5 Easy Ways to Make Your Team Healthier and More Productive A few remarkably simple and affordable tweaks can make a day at the office good for our health and the company bottom line.
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Work days have always been long, and most office employees spend at least eight hours sitting at keyboards, typing away on their computers, but standards for office culture have begun to change over the last few years. Office managers have realized that a happy workplace is a productive workplace.
As a result, offices look different. New companies and recently renovated office spaces prefer open-concept designs that encourage more interaction between co-workers. It's no longer surprising to find a foosball or air hockey table around the work area. Other work perks can include company gym memberships, in-office parties, food and snacks, lunch and more flexible schedules.
But what about the time that employees actually spend at work? How can offices relieve the dreaded 9-to-5 grind, while boosting company morale, energy levels and promoting physical well-being? It may actually not be so hard. Here are five things I've done in my office to kick-start healthy practices and happily engage all employees.
1. Put more plants around the office.
Integrating more greenery into the office is the simplest and most effective way to boost productivity, clean the air and keep employees generally happier. By placing simple house plants around the office, where everyone can see them, researchers say that employees are 15 more more productive than if they were in a minimal, "lean" office. Those are just the psychological effects. Plants have also been proven to reduce levels of airborne dust, air temperatures and background noise - and air quality has always been worse in an office.
2. Integrate stand-up desks.
Many offices have, over the years, begun integrating more standing desks into the workspace -- and for good reason. A report published by the Annals of Internal Medicine has found that more than half of the average person's waking life is spent sitting. Much of that, we can assume, is at a desk, hunched over a computer. That report, which uses findings gleaned from 47 health studies on sedentary behavior, found that people, including those who exercise, who sit for long stretches of time have a higher risk of dying from heart disease and diabetes. Standing desks, on the other hand, have been shown to improve posture, burn extra calories, improve metabolism and increase blood flow. Employees often feel more energetic once they get used to standing, and they become more motivated to keep working.
3. Provide healthy snacks.
Nothing improves office morale more than the occasional doughnut day, and nobody is suggesting that workplaces swap chocolate cake for carob on birthdays, but often work snacks are lackluster and, worse unhealthy. Rather than getting the office shipments of Ritz Bits, candy and bagels, offices should consider healthier snacks for the general well-being of employees. Nuts, dried fruit and low-fat popcorn are all healthy, delicious snacks that won't send workers into a sugar-crash.
Companies including MunchBetter, NatureBox and UrthBox offer office plans to provide larger teams with customizable varieties of unique, organic and healthy snacks. Another great idea is to partner up with a local CSA (Community Supported Agriculture) farm to get weekly deliveries of fresh fruits and vegetables to help boost energy.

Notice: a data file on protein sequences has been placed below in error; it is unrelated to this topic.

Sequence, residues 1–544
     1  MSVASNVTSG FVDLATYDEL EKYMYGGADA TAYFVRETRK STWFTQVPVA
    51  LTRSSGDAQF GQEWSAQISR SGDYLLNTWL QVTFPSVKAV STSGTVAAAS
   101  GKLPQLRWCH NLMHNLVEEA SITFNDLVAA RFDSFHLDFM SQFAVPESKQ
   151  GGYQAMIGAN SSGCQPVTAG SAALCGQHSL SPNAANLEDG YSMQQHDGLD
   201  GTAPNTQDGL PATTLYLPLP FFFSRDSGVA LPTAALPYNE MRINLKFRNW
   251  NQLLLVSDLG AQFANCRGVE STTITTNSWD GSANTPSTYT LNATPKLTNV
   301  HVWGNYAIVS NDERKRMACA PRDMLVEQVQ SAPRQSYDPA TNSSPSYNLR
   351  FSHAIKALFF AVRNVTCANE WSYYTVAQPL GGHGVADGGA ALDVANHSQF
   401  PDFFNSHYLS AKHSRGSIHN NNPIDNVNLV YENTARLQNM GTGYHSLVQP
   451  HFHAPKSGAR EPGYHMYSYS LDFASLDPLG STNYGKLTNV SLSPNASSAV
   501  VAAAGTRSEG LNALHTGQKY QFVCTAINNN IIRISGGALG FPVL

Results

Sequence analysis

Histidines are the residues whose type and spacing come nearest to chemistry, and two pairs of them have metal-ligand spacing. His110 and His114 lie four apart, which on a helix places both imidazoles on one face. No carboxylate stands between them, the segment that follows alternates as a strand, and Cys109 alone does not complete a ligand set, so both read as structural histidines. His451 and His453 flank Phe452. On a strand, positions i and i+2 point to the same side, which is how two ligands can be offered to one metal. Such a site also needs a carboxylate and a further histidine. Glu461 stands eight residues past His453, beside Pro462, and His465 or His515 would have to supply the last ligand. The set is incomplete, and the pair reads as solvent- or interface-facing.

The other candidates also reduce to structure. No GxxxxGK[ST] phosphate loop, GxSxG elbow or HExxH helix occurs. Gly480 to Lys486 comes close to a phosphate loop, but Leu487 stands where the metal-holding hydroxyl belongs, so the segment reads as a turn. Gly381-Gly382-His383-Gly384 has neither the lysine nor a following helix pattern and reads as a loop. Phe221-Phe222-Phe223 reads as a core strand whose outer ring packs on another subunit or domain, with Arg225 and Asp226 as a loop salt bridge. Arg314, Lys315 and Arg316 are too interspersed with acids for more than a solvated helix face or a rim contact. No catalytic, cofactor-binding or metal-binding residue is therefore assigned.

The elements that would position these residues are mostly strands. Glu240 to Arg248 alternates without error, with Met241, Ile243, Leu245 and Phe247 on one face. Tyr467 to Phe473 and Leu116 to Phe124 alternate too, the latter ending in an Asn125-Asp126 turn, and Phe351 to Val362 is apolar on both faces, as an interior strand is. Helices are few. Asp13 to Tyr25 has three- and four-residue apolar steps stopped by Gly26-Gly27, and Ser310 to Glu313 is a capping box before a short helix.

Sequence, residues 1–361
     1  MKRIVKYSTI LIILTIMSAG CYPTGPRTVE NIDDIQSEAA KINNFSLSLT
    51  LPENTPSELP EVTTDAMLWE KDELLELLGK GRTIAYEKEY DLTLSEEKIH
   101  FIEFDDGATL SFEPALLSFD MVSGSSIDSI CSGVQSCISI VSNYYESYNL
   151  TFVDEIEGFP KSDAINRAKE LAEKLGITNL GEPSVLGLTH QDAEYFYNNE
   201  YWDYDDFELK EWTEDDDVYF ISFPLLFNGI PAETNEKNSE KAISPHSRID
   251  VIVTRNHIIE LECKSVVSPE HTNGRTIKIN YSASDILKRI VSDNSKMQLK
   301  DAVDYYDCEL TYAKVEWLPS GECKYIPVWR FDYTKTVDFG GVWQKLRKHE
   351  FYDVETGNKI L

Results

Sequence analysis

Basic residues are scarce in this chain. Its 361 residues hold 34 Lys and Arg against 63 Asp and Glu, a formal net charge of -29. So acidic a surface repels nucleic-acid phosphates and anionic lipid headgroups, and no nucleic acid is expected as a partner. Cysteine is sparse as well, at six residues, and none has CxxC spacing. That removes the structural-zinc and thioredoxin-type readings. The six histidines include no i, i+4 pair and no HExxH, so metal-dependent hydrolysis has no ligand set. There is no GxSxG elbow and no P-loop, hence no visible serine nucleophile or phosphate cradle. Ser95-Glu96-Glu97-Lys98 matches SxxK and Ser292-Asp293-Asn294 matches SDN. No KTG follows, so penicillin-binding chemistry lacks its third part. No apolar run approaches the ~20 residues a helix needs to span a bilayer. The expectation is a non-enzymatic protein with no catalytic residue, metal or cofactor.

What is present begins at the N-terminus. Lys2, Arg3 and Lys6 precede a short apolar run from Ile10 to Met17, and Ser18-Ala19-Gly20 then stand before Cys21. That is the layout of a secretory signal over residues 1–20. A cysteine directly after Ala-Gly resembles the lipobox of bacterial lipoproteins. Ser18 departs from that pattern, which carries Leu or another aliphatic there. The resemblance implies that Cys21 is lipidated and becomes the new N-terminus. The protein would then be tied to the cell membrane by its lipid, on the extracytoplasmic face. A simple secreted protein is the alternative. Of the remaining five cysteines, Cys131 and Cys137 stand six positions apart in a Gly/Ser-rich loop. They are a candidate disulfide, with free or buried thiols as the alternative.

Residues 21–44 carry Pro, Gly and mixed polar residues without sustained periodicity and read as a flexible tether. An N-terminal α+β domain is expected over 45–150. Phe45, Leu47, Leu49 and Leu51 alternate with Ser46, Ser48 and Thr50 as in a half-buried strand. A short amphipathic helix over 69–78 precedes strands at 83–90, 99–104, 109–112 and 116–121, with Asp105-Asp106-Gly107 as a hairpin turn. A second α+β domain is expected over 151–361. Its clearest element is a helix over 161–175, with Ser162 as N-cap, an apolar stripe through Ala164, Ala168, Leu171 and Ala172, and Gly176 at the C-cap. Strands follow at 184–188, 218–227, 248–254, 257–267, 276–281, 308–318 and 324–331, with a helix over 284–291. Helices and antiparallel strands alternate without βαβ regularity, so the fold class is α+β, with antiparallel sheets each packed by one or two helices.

4. Promote physical activity.
There's really no downside to integrating more physical activity into a work day. The benefits are numerous. A simple five-minute break to stretch or do jumping jacks can send a quick hit of endorphins through the body, boost alertness, improve the posture and burn calories. There are many ways offices have managed to get their workforce more active: weekly group yoga, office calisthenics, hourly two-minute stretches, or even just integrating a ping-pong table into the office space.
5. Encourage walking meetings.
A lot of the greatest minds in the tech industry prefer to take their meetings outside: Steve Jobs reportedly spent hours at a time in walking meetings, Jack Dorsey and Mark Zuckerberg are also proponents of the walk and talk, and President Barack Obama also gets some of his best decision-making done circling the White House grounds.
It's hard to hold a department-wide meeting or a conference call outside, but for smaller groups and one-on-one meetings, the change of scenery is usually welcome. Walking meetings reap the physical benefits of getting outside, raise energy levels, increase focus, jump-start creativity and help participants relax and be open with each other.
In addition to meetings, at Due we encourage people go on two walks a day, typically for around fifteen minutes. We ask everyone to leave their cell phones behind so we won't be distracted. This is the time we need to really get to know the people we work with. We also have come up with some amazing ideas. Nature spurs new ideas. I return from these walks with greater clarity and more focused on work. Since implementing and encouraging these for all workers, we've had an increase in productivity like nothing else.
Even talking together about remaining alert and healthy has proven a boon to office health. Sharing ideas of personal habits of health, exercise and stress reduction will inspire others in the office to try the same idea in their own lives.